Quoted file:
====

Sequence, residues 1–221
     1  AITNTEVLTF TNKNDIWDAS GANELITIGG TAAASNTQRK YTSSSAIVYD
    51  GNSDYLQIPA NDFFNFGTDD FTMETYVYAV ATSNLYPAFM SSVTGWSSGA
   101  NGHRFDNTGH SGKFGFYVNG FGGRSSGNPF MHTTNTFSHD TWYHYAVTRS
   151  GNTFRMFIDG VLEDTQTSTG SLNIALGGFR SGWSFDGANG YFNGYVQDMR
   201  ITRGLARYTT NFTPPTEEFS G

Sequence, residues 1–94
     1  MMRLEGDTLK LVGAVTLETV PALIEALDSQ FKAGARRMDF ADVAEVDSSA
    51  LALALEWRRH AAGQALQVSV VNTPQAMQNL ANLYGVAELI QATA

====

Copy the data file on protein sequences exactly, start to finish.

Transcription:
Sequence, residues 1–221
     1  AITNTEVLTF TNKNDIWDAS GANELITIGG TAAASNTQRK YTSSSAIVYD
    51  GNSDYLQIPA NDFFNFGTDD FTMETYVYAV ATSNLYPAFM SSVTGWSSGA
   101  NGHRFDNTGH SGKFGFYVNG FGGRSSGNPF MHTTNTFSHD TWYHYAVTRS
   151  GNTFRMFIDG VLEDTQTSTG SLNIALGGFR SGWSFDGANG YFNGYVQDMR
   201  ITRGLARYTT NFTPPTEEFS G

Sequence, residues 1–94
     1  MMRLEGDTLK LVGAVTLETV PALIEALDSQ FKAGARRMDF ADVAEVDSSA
    51  LALALEWRRH AAGQALQVSV VNTPQAMQNL ANLYGVAELI QATA